Planning Policy Statement 5 Planning for the Historic Environment
Its publication cancelled:
- Planning Policy Guidance Note 15: Planning and the Historic Environment (PPG15, 1994).
- Planning Policy Guidance Note 16: Archaeology and Planning (PPG16, 1990).
Publication of the National Planning Policy Framework (NPPF) in March 2012 replaced a wide range of previous planning policy statements and planning policy guidance, including PPS5. However, the intent of the NPPF is similar to PPS5 and the guidance related to PPS5 remains relevant.
A guide to Planning Policy Statement 5 (PPS5): Planning for the Historic Environment: Historic Environment Planning Practice Guide was published by Department for Communities and Local Government (CLG) and English Heritage in March 2010. It was replaced in Spring 2015 by guidance prepared by English Heritage (now Historic England) and the Historic Environment Forum. See Historic environment good practice advice for more information.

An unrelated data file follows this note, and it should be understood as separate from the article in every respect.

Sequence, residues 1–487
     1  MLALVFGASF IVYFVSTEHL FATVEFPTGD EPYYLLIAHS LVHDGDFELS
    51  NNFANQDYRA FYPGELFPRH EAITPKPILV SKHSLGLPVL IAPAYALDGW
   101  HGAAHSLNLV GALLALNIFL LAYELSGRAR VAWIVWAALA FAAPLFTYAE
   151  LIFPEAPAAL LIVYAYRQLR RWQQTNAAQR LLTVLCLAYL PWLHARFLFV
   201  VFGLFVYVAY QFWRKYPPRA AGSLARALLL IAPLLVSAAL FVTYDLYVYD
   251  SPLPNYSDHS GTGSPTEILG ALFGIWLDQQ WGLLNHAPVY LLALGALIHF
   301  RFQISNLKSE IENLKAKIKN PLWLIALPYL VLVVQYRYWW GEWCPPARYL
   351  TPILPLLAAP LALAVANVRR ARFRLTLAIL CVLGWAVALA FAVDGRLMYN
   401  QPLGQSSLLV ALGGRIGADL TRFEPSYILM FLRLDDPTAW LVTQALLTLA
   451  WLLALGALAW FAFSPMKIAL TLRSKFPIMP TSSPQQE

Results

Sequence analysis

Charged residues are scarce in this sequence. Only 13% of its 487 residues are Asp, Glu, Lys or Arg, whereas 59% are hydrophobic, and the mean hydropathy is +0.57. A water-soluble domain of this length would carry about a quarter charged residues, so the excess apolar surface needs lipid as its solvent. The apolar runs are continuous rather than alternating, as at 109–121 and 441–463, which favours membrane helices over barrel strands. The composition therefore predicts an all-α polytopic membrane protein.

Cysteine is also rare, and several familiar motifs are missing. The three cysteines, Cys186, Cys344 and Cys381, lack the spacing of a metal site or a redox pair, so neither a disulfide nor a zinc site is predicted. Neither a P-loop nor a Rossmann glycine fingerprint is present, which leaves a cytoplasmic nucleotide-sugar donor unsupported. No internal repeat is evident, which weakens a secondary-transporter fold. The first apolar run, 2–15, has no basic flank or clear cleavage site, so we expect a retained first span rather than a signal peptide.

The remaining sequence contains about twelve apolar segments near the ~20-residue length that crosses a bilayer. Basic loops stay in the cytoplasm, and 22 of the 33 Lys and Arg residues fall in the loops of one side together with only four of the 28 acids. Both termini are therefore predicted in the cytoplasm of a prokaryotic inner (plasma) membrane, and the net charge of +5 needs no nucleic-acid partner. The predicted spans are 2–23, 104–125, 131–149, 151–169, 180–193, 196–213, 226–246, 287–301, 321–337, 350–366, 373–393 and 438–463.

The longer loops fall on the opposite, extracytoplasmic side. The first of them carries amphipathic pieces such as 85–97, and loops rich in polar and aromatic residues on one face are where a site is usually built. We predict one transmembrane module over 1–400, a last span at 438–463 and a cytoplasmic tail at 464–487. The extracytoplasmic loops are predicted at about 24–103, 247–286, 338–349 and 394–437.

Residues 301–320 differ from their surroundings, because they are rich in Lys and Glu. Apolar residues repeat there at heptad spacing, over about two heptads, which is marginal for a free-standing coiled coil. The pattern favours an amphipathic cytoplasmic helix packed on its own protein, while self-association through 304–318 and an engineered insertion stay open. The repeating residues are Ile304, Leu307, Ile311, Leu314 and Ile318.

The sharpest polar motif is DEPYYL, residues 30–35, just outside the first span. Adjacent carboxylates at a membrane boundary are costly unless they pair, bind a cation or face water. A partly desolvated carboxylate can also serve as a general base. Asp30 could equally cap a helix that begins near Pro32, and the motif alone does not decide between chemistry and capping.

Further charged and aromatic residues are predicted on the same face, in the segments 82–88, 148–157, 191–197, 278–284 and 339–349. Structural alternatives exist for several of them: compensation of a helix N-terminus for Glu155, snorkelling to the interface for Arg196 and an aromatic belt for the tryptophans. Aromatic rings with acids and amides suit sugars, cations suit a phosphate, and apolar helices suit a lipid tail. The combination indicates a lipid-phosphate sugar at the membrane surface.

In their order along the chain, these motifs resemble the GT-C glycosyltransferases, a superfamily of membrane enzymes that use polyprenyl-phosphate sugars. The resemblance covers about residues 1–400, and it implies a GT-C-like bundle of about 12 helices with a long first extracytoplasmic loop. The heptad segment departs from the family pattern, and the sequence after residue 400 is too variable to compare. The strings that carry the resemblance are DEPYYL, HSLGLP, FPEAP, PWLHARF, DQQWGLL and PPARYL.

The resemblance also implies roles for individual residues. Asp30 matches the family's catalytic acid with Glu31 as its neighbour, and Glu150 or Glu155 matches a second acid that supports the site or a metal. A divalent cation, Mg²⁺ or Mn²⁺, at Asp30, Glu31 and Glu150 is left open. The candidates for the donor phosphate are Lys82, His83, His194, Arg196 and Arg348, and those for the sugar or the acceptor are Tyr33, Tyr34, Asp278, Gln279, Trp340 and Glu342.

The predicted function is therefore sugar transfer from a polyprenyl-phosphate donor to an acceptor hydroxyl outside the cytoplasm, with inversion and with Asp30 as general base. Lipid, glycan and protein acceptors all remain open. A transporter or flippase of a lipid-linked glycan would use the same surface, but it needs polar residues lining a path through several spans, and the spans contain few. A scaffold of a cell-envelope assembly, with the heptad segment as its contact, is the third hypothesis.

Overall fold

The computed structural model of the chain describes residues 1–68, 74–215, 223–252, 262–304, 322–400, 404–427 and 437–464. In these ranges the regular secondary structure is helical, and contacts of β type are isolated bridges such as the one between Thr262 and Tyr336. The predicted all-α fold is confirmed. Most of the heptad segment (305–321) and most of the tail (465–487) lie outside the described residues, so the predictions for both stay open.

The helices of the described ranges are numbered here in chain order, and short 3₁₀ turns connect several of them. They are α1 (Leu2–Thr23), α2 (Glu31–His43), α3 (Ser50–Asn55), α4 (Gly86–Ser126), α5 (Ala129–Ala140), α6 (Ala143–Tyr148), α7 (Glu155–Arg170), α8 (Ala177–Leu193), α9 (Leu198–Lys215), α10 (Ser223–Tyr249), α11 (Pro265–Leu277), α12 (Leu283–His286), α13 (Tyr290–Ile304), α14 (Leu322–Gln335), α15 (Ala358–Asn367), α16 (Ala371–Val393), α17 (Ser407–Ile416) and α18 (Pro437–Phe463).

The guides states that PPS5 ‘…recognises the unique place the historic environment holds in England’s cultural heritage and the multiple ways it supports and contributes to the economy, society and daily life. The PPS also identifies the historic environment as a non-renewable resource. Its fragile and finite nature is a particularly important consideration in planning. Conserving this resource for future generations accords with the principles of sustainable development. Government places a priority on its conservation and has set out tests to ensure that any damage or loss is permitted only where it is properly justified.’